Last post, I quoted President Reagan’s, “Never say never.” And then I said never. Broke my own rule.

So in this post I’m going to break another rule and venture into one aspect of politics I believe in; and I’m sure I won’t convince ANYONE to change his or her own mind on the subject.

What got me going on this? Like I said, Jack K did. In a comment on my last post he said at the end, “Wouldn't be interesting in the next election if every, and I mean EVERY incumbent were voted out? Hmmmm.”

My response is that it would not only be interesting, it would happen EVERY election if we just had . . . are you ready for it? . . . TERM LIMITS!

Most people think term limits are a short-sighted attempt to get rid of the “bad” politicians. They quickly retort, “Oh, but then we’d lose the good ones as well as the bad. That wouldn’t help.”

However, a longer look at the concept will show you that term limits for all elected officials would have a huge, profound effect on much of what ails our representative system. It would remove the seniority system for committee appointments and committee chair assignments. The relationships developed over multiple terms between elected officials and lobbyists, and special interest groups, and well-heeled constituents, just wouldn’t develop. Or they’d have to develop very quickly and they wouldn’t last very long.

Our politicians could, for once, be honest with us! Why? Term limits would remove the one key factor that motivates most officials to play both sides of the street, to spin everything to try to please everyone. That key motivating factor is the desire to get re-elected! They wouldn’t do ANYTHING just to get more votes. They might vote a certain way to get a payoff, although that could land them in jail, but they might . . . just MIGHT . . . vote a certain way because they believe in it, or because they are convinced it’s best for the people they represent, or for the country.

Wouldn’t THAT be refreshing!

Where in our constitution are the guidelines for the power structure that has developed within the legislature? How do one or two senators or representatives gain the power to control blocks of votes? Is that what our founding fathers envisioned?

Ooooo. I sound like I’m getting passionate here, don’t I?

Not a very “romantic” rambling, eh?

That’s the trouble with breaking rules—once you start, it’s hard to stop.

Thursday, August 13, 2009

One more health care post

Since my last post stimulated comments and a few emails from folks I'd not heard from before, as well as from my daughter and several of my blog friends, I'm going to take one more brief foray into the topic.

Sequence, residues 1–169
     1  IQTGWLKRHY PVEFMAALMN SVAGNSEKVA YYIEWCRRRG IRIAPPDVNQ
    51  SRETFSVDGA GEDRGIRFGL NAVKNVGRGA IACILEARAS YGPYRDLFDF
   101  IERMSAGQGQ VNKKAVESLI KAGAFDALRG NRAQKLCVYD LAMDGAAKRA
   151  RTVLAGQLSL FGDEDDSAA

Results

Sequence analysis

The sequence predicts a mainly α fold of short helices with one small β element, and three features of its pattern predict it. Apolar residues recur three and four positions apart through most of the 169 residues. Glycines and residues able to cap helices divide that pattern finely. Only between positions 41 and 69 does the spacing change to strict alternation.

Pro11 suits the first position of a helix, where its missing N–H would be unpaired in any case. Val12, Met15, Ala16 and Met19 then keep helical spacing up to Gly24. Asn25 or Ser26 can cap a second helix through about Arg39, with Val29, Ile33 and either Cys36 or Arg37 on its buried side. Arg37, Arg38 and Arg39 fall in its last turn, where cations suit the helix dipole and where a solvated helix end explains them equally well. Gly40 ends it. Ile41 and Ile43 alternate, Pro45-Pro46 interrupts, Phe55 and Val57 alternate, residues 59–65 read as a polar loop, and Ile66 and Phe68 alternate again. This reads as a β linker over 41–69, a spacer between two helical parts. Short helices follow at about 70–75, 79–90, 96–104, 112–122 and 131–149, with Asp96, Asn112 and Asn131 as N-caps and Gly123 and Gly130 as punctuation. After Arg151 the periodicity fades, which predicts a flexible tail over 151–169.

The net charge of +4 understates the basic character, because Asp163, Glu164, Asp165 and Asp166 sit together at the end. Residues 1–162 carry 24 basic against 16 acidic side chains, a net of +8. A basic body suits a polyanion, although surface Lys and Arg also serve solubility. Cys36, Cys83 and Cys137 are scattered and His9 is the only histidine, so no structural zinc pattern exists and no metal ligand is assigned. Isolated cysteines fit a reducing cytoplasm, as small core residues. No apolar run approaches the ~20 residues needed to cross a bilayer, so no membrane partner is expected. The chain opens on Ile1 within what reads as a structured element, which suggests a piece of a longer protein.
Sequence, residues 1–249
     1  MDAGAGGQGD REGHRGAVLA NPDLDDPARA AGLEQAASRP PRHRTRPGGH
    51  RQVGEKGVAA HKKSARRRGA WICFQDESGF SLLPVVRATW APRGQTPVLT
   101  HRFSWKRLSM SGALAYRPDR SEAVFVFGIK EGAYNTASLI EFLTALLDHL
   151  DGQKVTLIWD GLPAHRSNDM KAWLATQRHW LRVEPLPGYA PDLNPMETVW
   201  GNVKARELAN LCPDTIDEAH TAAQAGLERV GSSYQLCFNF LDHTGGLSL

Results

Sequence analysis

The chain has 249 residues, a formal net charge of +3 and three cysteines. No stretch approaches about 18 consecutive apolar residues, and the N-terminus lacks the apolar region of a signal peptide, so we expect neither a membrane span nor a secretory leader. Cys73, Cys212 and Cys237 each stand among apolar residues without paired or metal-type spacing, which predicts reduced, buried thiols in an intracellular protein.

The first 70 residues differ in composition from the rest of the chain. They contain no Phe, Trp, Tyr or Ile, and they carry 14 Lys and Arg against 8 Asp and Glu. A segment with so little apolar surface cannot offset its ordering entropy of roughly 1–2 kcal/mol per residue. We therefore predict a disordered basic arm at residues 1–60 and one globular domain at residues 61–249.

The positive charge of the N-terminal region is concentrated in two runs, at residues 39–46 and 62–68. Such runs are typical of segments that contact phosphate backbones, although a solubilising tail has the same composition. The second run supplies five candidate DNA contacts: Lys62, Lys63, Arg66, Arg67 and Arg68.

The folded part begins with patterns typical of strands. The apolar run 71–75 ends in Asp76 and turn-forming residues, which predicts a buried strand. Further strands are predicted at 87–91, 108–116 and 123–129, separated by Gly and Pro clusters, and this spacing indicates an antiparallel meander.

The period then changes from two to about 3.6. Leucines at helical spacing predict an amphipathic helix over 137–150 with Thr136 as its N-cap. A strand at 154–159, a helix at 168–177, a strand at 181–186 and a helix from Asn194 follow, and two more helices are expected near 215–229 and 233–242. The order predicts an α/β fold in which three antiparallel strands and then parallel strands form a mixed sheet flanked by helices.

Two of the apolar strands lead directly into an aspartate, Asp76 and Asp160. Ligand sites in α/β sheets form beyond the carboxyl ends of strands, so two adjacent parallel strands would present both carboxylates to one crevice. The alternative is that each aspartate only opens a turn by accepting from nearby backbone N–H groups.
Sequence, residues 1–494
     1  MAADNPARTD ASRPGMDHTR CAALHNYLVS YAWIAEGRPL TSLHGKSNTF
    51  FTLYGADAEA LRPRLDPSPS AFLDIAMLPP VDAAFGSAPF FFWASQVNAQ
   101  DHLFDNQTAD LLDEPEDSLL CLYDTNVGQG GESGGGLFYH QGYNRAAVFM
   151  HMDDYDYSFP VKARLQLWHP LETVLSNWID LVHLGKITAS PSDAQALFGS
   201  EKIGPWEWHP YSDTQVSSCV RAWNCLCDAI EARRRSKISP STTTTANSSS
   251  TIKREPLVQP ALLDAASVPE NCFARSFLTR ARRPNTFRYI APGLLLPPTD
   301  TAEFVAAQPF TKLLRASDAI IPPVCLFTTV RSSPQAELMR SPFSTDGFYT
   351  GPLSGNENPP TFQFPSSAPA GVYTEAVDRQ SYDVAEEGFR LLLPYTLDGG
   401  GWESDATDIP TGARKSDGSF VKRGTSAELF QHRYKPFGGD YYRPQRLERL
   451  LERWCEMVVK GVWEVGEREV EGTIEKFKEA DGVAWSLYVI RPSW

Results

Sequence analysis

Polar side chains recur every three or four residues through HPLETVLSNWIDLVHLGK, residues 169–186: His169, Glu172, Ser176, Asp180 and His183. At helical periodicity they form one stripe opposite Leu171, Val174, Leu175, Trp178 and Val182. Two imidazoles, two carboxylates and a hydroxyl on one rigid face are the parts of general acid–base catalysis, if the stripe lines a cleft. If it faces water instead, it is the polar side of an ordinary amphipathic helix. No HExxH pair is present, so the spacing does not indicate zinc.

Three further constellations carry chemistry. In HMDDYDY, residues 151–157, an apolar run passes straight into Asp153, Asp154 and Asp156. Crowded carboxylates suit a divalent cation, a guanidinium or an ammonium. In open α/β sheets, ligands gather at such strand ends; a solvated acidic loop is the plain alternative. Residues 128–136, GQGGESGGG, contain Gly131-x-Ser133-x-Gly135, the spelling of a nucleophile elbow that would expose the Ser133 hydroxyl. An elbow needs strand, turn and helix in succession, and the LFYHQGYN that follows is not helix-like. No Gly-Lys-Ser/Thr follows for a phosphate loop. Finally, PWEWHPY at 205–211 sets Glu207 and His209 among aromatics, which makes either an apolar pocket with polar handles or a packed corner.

(Well, that's my plan NOW. Who knows HOW many additional forays I might take? I often repeat the quote attributed to President Reagan, "Never say never." It's corollary has to be -- although I just made this up -- "Never say always.")

(What? You don't know what a corollary is? Well, it's like a coronary, but not as serious.)

Anyhoo, speaking of coronaries, back to health care!

It's really tough to filter through all the arguments for and against government involvement in our health care system industry MESS ( . . . pick your own descriptive noun, or just leave it blank -- works either way). Which ones are real, and which ones are hype? Is it 47 million uninsured Americans, or 57 million (the number seems to go up weekly). Are the doctors at fault, or maybe the insurance companies, the pharmaceutical industry, the malpractice lawyers, etc., etc.

To me, most of the hype and horror stories we hear are overblown. The issue really boils down in most cases to access versus cost. To hammer access ("Everyone should have access to quality health care!") while ignoring cost is not just stupid, it's immoral. But likewise to hammer (and try to artificially, through legislation and controls, limit) costs while ignoring access will result in the situations found in other countries with months-long waits to see a specialist or have needed testing done.

How do we achieve the balance needed between access and cost?

I don't know.

But I have little faith in our government to achieve it, whether in typical partisan division or through a coalition of the parties. Politics, and favors, and hidden agenda of all kinds are just too engrained in our elected representatives in D.C. to allow, I fear, the kind of well thought-out policies and programs it will take. (BTW, I'm and old-schooler and using "agenda" as a plural of "agendum," although I know that usage has fallen out of favor).

And unfortunately, our president's hard pushing for quick action may further doom any slight chance that achieving such balance may have had.

So I fear that we may indeed never have a government-instituted health care plan that provides wide access at a reasonable (affordable!) cost.

There. I broke my own rule. I said (wrote) "never." Shame on me.

Monday, August 03, 2009

Who, exactly, are those uninsured Americans?

I have no idea if this is accurate or not. So why am I posting it?

I'm a firm believer in the adage, "If it ain't broke, don't fix it!" We've been hearing for years how our health care system is "broke" (that's as in "broken," not out of money).

What proof is offered? Usually the statistic that tens of millions of people are uninsured and thus can't afford needed treatments and therapies and medications. And in a country as rich as America, that's a travesty.

I never gave much thought to that argument, accepting both premises: 1) that all those peole didn't have coverage because they couldn't afford it, and 2) that this fact is a travesty.

Then I saw this cartoon, and began to wonder . . .

Is this just some right-wing fringe hype? Or is it close to the truth? If the latter, then . . . Gee!

Of course, it doesn't matter. It looks like we're going to get a government health plan of some ilk, regardless.

Will that be a bad thing? My gut tells me, probably. But the pendulum swings both ways, in most cases. We'll see.

Well, DUH!

Headline in this morning's financial news:

Obama officials: Taxes may rise to pay health care

Obama officials say middle class may face tax hike to reduce deficit, pay for health care

WASHINGTON (AP) -- Two of President Barack Obama's economic heavyweights said middle-class taxes might have to go up to pare budget deficits or to pay for the proposed overhaul of the nation's health care system.

My comment: ". . . might have to go up?" Who do they think they're kidding?